[Interview @ Daigacon 2009 Day 2 (Saturday)]
(l-r) Zippy and Jason Thompson
Zippy: This is Zippy here at Daigacon in Cave City, KY. I’m speaking here with Jason Thompson who is truly the manga guru. Jason’s also author of Manga: The Complete Guide, a contributor to Otaku USA, worked in the industry, and so much more. Just highlight some of the things that you’ve done.
Jason: Well I’ve worked in the industry since 1996. That’s when I got my job at Viz, and I worked there for 10 years. I’ve edited a whole bunch of manga. I was the first editor of VIZ Shonen Jump magazine. I worked on Dragonball, Yu-Gi-Oh, Hana Kimi, Yu Yu Hakusho, Fullmetal Alchemist, Shaman King, One Piece, Naruto, Uzamaki, [and] The Drifting Classroom. Anyways I’ve edited a whole bunch of manga. I’ve always loved manga and anime. I got into it back in college. I like all comics in general actually, and I’m actually working on an OEL manga right now for Del Ray called “King of RPGs” with a friend of mine Victor Hao. So that’s coming out at the end of the year.
Zippy: Cool. I’m glad to hear some of what you’ve done. Just looking briefly at what they have here at the convention [on the program guide] for you it looks like you’ve had a busy life, and that’s just in terms of what you do for manga. It’s good to see you here [at Daigacon]. How are you enjoying the convention so far?
Jason: I’m having a great time. It’s really cool. I’ve actually never been to Kentucky before, and the day before the con I went out to Mammoth Cave, so that was really swell. I’d never been there. Yeah it’s a great con. I was just talking Dungeon’s and Dragon’s a little bit ago with the other attendees and getting to know Chris Ayres and Josh Grelle from ADV who are both really excellent, and Rose and all the other folks who are here. Yeah it’s really cool.
Zippy: I know you keep pretty busy and a lot of what you do can be done independently, but having completed a book and supporting your efforts through Otaku USA and your own independent creative works do you end up finding yourself at conventions a lot or are you a force that works from behind the curtain so to speak?
Jason: Well the nice thing about the internet is that I can sort of work from anywhere. I sometimes feel I could move out to North Dakota and still do my job, but the thing about being in San Francisco of course is not only am I right next to VIZ but I’m right next to a lot of great Japanese bookstores and stuff like that and a lot of other things that I couldn’t find just anywhere. I actually don’t get out to see many conventions on the east coast actually, so this is the first one I’ve been to in awhile. I typically go to west coast conventions like Fanimecon, Anime Expo, and San Diego Comic Con so it’s real nice to get invited out.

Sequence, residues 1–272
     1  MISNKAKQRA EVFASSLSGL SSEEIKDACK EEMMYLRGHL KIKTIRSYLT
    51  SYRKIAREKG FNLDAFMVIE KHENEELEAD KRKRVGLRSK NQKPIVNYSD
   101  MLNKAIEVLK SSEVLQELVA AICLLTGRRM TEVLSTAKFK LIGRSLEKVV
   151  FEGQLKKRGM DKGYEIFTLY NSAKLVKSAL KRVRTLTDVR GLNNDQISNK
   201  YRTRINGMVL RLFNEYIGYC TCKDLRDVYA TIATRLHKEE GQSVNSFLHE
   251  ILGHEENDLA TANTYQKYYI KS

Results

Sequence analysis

Zippy: To kind of segway with that I know you’ve been to Japan before, and you’ve seen the manga industry over there and our manga industry, and in your panel [earlier] you said in a lot of ways it was hurting. I was wondering if maybe you could just elaborate on some of the changes going on [in Japan] and how that might reflect our industry as well?
Jason: Well the Japanese economy has been in real trouble for the last twelve or thirteen years, and one of the things that’s happened is that manga magazines’ circulation has gone down. Magazines like Shonen Jump, although that’s still number one, and a lot of other little magazines. So manga, or graphic novels, are still selling pretty well, but when the magazines start doing bad it’s kind of a warning sign. And that’s partially just because of the same reason that magazines aren’t doing as well in the US either. The internet is competition. Same reason the videogame magazines are dropping like flies. Some people that I talk to think that the future is going to be in 4-panel manga like Azumanga Daioh…manga you can easily read on a cell phone. On the other hand web comics [are] still doing really well in the US and Japan, and a lot of those aren’t in a 4-panel format. They’re in a full comic style format, and they’re doing quite well with merchandising and graphic novels. It’s a weird time to be in the industry. Actually in 2008 the manga industry in the US had its first drop in many years. I don’t think that’s because people don’t like manga. I think it’s because a lot of bookstores have gone out of business and just the general economic problems. Although you could also say that some publishers and some companies just put out too much manga. It’s too much for anybody to buy. It’s a good question.